Elder Exploitation

Many senior adults require some degree of caretaking as their physical and mental faculties decline. Caretakers may be granted formal legal powers over the senior’s affairs and act as a fiduciary through a guardianship or power of attorney. Caretakers may also be a family member, friend, or other acquaintance who helps a senior manage their affairs.

In Florida, anyone who stands in a position of trust and confidence to an elderly person is expected to put the elder’s needs first, and not to obtain or use the elder’s assets for their own or anyone else’s purposes. The legal consequences of violating Florida’s elder exploitation laws are severe and can include punitive damages, triple damages, and attorneys’ fees.

The Business Trial Group elder exploitation lawyers handle cases on a contingency-fee basis. You pay no up-front fees for our services, and no fees at all unless and until we make a recovery in your case.

Learn your legal rights and options during a free case review.

Elder Fiduciary Abuse

When an elder’s faculties decline to the point where they are no longer capable of making important decisions about their health and finances, a trusted person may be granted special legal powers to make decisions on the elder’s behalf through a guardianship or a power of attorney.

Both a power of attorney and a guardianship create what is known as a fiduciary relationship between the senior citizen and the person who is entrusted with their decision making. The person granted executive power over the senior citizen’s affairs is known as a fiduciary.

Fiduciaries are held to very high standards of care because of the potential for them to abuse their authority. In the context of a power of attorney and a guardianship, the fiduciary must always put the elder’s interests first. There can be strong legal consequences for fiduciaries who abuse their power and put their own interests above those of the elder under their care.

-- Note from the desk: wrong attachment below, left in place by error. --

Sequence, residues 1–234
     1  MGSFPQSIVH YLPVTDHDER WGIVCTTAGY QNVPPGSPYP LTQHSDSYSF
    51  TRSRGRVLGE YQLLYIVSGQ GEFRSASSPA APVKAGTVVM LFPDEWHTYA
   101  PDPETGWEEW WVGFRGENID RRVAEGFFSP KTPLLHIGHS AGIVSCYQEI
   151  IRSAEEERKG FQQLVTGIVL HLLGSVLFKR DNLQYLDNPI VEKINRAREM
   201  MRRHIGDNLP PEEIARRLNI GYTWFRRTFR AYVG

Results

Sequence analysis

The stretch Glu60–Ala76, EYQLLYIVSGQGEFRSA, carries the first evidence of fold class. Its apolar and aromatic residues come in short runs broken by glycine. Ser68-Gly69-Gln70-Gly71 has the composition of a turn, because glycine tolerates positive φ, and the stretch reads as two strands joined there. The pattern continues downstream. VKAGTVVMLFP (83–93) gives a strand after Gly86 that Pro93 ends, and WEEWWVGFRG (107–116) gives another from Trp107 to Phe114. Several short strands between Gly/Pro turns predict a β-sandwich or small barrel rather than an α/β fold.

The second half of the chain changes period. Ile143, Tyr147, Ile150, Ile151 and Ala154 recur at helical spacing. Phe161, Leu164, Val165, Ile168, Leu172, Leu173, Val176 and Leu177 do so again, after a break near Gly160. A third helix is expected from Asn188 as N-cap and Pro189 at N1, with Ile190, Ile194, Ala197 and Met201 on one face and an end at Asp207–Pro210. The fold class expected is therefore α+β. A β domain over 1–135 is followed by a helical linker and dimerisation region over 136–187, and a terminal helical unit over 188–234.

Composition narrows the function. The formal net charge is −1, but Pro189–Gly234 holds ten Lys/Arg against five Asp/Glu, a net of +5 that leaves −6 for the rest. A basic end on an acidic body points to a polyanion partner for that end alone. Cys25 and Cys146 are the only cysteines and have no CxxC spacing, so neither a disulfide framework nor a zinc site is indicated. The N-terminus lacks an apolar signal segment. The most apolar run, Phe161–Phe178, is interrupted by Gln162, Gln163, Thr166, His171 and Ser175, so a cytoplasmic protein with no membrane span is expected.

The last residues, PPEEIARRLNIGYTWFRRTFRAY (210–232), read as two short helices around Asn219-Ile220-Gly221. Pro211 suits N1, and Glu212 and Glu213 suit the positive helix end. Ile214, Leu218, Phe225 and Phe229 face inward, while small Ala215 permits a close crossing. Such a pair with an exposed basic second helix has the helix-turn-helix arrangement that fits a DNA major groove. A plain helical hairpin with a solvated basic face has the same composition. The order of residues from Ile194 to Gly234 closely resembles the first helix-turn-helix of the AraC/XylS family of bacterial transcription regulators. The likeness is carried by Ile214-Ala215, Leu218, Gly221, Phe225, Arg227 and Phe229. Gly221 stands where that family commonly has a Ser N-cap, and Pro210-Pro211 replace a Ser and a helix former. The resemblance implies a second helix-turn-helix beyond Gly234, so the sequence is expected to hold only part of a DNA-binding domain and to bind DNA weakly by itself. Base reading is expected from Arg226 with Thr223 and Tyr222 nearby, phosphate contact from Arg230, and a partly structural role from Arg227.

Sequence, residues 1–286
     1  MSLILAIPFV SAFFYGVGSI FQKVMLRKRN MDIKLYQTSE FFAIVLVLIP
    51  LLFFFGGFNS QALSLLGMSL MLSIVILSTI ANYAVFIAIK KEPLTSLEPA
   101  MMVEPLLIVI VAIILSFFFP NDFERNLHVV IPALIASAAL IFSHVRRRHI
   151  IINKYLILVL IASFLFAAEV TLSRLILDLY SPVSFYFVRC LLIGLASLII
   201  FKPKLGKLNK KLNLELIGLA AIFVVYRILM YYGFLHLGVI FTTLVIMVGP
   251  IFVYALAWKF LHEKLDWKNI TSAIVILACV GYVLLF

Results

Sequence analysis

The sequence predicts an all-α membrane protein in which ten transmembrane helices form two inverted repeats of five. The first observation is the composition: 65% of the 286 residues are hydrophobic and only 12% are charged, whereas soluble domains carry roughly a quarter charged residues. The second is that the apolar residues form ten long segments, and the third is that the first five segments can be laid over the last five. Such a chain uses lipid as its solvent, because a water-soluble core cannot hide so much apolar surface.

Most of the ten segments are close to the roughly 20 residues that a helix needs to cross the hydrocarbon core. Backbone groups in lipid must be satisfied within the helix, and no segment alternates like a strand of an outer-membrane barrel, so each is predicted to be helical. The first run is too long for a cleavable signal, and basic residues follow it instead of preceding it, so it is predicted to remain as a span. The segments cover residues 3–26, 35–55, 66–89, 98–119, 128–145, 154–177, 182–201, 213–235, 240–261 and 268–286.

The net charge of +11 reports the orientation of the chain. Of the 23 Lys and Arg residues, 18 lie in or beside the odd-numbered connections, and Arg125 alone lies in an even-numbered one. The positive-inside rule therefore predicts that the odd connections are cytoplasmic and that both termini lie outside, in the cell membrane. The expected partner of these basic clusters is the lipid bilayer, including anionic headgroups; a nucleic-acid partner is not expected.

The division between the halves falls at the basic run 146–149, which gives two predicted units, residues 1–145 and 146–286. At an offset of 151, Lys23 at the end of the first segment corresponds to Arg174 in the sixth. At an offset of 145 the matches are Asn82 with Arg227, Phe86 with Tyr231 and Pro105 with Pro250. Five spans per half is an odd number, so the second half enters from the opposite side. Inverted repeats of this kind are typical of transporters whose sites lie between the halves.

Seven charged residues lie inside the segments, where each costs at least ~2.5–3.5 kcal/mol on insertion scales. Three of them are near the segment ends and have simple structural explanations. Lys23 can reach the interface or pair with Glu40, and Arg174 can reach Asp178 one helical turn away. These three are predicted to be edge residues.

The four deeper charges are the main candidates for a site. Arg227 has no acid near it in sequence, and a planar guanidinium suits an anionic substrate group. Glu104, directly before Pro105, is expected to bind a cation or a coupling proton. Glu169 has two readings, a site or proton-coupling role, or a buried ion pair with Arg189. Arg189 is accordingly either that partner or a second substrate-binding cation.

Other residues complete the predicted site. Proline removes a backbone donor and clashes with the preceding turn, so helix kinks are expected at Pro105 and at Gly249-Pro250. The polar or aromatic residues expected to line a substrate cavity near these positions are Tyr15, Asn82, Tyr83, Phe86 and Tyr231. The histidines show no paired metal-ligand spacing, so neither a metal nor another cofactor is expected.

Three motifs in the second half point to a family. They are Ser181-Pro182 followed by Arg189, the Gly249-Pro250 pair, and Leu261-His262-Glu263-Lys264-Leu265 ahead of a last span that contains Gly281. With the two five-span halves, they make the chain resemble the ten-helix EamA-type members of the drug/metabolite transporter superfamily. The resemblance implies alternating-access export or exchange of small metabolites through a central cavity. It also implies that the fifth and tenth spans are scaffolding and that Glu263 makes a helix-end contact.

Florida Power of Attorney

A power of attorney allows a chosen person—known as an agent, or attorney-in-fact—to make financial and other personal decisions on behalf of the elder (“the principal”).

The actual terms of the power of attorney are flexible; the agent’s surrogate powers can be specific and temporary, or broad and indefinite, lasting until the principal’s death.

Florida Guardianship

When an incapacitated senior citizen requires someone else to make decisions on their behalf, Florida courts typically favor the least restrictive means necessary. Often, this means a power of attorney. However, the incapacitated elder’s family may decide to petition the State of Florida to declare the senior citizen a ward of the state and appoint a permanent guardian.

Like a power of attorney, guardianship powers vary based on the level of the elder’s incapacitation. The key difference between a power of attorney and a guardianship is that the latter entails court oversight and requires the guardian to make annual reports to the court that detail the guardian’s fiduciary activity.

Breach of Fiduciary Duty

Under Florida’s elder exploitation laws, a breach of a fiduciary duty occurs whenever the agent or guardian does not act in the best interests of the elder. This includes actions such as:

  • Unauthorized appropriation, sale, or transfer of an elder’s property by the agent or guardian
  • Wasting, embezzling, or intentionally mismanaging the elder’s assets
  • Misappropriating, misusing, or transferring without authorization money from an elder’s account
  • Failing to properly use an elder’s assets for their support and maintenance

Financial exploitation of a senior citizen is a serious violation of Florida law that should be discussed with an elder abuse attorney.

Financial Exploitation of Senior Citizen by Caregivers and Other Confidants